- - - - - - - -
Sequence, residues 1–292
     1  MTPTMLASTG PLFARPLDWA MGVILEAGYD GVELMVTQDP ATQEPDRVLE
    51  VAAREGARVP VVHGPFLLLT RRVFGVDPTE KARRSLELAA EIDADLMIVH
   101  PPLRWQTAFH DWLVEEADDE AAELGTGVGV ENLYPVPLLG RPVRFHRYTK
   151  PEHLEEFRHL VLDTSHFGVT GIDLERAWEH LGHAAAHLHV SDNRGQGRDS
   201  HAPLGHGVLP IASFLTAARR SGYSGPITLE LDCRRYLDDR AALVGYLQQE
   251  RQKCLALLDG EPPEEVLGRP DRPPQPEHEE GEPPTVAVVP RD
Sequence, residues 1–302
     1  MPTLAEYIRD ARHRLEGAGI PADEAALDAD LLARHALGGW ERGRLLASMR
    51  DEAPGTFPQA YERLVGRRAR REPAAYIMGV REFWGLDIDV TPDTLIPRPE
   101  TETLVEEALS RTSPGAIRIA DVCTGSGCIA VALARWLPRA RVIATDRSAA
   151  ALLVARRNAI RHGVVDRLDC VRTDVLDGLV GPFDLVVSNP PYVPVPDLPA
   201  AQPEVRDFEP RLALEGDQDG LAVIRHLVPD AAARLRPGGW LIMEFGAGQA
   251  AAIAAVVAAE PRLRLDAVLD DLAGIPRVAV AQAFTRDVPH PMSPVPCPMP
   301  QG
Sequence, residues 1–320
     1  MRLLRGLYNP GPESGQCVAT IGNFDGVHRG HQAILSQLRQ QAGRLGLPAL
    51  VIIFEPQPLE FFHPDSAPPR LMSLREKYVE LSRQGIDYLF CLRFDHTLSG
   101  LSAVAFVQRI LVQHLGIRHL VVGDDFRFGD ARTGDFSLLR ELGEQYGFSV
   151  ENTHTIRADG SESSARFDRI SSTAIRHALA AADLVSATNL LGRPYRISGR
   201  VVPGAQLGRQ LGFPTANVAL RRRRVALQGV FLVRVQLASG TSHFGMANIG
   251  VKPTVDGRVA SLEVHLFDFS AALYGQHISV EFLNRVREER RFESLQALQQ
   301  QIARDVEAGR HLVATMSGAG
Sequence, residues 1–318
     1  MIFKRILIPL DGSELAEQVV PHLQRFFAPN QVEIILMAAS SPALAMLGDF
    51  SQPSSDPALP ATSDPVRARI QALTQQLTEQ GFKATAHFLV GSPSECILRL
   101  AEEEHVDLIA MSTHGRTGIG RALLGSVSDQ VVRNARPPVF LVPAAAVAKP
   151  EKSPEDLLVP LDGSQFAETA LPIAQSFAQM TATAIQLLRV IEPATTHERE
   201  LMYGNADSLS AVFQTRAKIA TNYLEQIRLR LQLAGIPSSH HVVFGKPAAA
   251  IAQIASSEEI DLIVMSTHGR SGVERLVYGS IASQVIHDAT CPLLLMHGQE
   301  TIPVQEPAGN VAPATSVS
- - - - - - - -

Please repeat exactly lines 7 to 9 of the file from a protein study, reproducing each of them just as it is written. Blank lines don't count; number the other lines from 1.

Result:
   251  RQKCLALLDG EPPEEVLGRP DRPPQPEHEE GEPPTVAVVP RD
Sequence, residues 1–302
     1  MPTLAEYIRD ARHRLEGAGI PADEAALDAD LLARHALGGW ERGRLLASMR